There is a mixed-use development with a public park, residential condominiums, commercial space and three museums where a Chrysler assembly plant once stood in Kenosha.
The city spearheaded the development, but, in some cases, the change is only skin deep.
“This entire region is challenged coming out of this recession because of the shift in manufacturing globally,” said Ray Forgianni, who was Kenosha’s city planner during the Chrysler site transition. “The great recession has been made much worse. Recovery in employment will not be in the manufacturing field.
“The salvation for this community is that it is mixed.”
The mix in the Chrysler development so far is not exactly what the city expected. While Forgianni estimated the condominiums are 60 percent occupied, Kenosha Mayor Keith Bosman said many of the occupants are part-time visitors or Chicago residents.
“We thought they would create a density of population to bring an upgrade to downtown commercial buildings,” Bosman said, “but it turned out to be more vacation homes.”
Consistency in the population used to be a way of life in Kenosha. There was a time when families could count on going to work for the same manufacturer generation after generation. Now, the city is facing another closing as the Chrysler engine plant is slated to end operations by the end of the year.
“We’ve lost our old manufacturing base,” Bosman said.
The community has matched the changing times by adding 120 new businesses during the past 20 years through redevelopments, he said. But, Bosman said, the economic downturn has left empty spaces in industrial parks.
“I look forward to the economy coming back,” he said, “and we have the space ready to go when that happens.”
Some of the workers might not be there, though. Glenn Stark, United Auto Workers president of Local 72 at the Kenosha Chrysler plant, said many employees who lost their jobs are eligible for some type of retirement package, but he doesn’t have enough seniority to qualify. He said he doesn’t expect to find a comparable job in the area.
“I will probably have to go to Detroit or Kokomo (Ind.) or Belvidere (Ill.),” Stark said.
But Kenosha still is trying to prepare those who remain for the changes that will come, said Debbie Davidson, Gateway Technical College vice president, Workforce and Economic Development Division.
“When the (Kenosha Area Business Alliance) is entertaining a company,” she said, “we will meet with them and show them the resources the college can offer to retrain their current employees or prepare the existing work force.”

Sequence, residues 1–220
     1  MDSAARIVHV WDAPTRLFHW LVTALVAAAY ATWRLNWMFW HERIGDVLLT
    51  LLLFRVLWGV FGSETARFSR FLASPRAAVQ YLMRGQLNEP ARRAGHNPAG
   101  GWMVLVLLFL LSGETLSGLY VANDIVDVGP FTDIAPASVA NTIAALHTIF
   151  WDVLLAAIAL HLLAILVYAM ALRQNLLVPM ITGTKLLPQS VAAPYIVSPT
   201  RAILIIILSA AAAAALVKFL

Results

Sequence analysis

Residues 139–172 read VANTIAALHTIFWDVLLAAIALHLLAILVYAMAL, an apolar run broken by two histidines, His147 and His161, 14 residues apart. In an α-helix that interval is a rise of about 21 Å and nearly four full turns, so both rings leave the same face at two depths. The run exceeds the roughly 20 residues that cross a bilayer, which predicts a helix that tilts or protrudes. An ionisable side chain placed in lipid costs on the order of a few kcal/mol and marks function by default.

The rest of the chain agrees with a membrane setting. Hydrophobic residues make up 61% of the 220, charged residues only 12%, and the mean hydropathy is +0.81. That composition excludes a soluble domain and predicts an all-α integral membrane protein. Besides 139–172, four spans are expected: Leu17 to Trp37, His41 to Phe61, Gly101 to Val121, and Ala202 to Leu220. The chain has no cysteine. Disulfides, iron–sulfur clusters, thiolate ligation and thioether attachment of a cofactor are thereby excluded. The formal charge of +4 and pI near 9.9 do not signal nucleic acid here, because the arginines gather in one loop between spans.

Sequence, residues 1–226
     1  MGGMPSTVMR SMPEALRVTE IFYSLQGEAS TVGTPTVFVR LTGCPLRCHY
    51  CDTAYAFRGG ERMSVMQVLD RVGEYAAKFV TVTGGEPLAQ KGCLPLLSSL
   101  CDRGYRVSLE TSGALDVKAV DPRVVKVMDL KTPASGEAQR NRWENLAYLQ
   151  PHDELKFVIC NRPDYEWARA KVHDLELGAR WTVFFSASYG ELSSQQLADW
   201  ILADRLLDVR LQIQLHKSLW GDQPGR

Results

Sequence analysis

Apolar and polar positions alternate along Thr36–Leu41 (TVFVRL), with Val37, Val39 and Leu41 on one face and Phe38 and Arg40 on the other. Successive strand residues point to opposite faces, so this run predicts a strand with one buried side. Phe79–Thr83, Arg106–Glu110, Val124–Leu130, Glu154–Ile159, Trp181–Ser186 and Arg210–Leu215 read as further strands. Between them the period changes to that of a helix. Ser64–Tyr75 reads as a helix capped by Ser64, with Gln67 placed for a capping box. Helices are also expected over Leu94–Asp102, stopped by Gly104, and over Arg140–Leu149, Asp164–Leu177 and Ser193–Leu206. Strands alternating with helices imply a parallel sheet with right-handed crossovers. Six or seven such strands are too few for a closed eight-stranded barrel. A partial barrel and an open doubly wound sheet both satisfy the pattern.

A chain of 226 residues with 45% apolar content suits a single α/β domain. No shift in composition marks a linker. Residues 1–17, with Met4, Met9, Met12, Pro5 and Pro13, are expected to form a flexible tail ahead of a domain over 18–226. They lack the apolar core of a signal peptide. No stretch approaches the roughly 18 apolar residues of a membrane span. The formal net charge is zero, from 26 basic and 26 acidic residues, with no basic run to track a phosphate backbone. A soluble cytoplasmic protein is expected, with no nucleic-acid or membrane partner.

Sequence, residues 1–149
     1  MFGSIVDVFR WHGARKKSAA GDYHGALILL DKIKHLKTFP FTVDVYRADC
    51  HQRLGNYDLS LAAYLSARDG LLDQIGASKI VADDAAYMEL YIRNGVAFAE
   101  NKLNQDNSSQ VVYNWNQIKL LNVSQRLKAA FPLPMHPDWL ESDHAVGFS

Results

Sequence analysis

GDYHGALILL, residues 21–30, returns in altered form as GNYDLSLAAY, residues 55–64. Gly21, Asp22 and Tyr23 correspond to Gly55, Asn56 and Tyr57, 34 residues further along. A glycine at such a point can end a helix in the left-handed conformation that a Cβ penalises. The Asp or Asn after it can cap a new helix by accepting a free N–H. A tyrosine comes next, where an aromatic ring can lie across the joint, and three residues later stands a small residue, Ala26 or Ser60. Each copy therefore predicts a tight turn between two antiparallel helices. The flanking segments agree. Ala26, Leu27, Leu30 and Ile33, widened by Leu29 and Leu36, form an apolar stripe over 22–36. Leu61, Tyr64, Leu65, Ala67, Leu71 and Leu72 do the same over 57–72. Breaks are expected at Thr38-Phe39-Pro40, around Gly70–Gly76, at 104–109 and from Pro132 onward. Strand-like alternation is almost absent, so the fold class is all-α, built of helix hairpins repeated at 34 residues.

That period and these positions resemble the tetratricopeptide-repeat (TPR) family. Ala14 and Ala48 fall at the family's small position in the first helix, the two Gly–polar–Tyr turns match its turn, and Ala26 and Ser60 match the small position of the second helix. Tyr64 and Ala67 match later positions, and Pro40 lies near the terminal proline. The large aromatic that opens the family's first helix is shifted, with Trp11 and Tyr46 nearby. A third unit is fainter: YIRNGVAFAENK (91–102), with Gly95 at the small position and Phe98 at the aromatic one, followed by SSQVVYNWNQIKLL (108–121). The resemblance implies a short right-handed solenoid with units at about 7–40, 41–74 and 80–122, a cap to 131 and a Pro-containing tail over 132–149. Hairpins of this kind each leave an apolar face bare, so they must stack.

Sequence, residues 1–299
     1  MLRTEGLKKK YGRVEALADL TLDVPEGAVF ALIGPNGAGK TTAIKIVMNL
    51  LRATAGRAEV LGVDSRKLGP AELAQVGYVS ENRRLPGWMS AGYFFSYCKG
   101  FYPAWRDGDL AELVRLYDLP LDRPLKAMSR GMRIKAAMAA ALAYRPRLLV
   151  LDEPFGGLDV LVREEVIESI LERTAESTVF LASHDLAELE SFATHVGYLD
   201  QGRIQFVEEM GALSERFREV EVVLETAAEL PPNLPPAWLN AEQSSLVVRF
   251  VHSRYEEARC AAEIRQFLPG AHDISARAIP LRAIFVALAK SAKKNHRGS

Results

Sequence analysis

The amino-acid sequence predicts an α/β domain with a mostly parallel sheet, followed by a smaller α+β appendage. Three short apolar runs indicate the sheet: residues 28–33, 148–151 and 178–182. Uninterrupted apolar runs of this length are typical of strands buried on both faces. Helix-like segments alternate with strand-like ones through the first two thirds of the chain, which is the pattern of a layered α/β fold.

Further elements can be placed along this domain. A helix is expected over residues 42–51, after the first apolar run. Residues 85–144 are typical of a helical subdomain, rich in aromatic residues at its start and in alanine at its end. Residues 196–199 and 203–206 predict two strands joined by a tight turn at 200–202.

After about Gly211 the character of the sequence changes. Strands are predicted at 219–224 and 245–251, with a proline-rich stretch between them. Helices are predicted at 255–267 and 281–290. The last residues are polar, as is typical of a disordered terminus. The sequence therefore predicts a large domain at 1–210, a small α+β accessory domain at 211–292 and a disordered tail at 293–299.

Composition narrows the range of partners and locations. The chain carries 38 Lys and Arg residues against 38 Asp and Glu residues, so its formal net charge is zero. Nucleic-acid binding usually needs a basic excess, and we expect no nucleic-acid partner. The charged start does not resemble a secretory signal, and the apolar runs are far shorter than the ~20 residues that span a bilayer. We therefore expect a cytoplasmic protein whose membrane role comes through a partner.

For instance, Davidson said, the college offers 14- to 20-week accelerated programs that focus on an employment need in the community and simulate the work environment. Collaborating with local employers, the college designs the training specifically around needs.
When a company leaves, Davidson said, she is part of the team that meets with employees about next steps and educational opportunities.
“It’s a chance to start a different career or to start your own business,” she said.
It may take displaced workers six months to decide to explore educational options, but there are needs in the community, Davidson said.
“Hopefully, there is an uptick,” she said.
That uptick depends on regional cooperation, said Lou Molitor, executive director of the Kenosha Area Chamber of Commerce. He said the city of Kenosha and Kenosha County are part of a larger business region, and to benefit the entire region, each county, town, city and company must work together.
Todd Battle, president of KABA, said the organization has helped attract new businesses to the community by aggressively marketing the area’s advantages. Recent successes include U-line Corp.’s corporate headquarters, slated to open in May, as well as Affiliated Foods Midwest Cooperative Inc. and Centrisys Corp.
“We’re very competitively positioned in the heart of the I-94 corridor to attract businesses, attract families,” Battle said. “We’re an hour’s drive north and south to Milwaukee and Chicago.”
Location and an effort to adjust to a changing economy could combine to turn the theory of mixed use into the reality of a mixed marketplace.
“We still have manufacturing,” Bosman said. “And we also have skilled machining, distribution, warehousing and tourism.”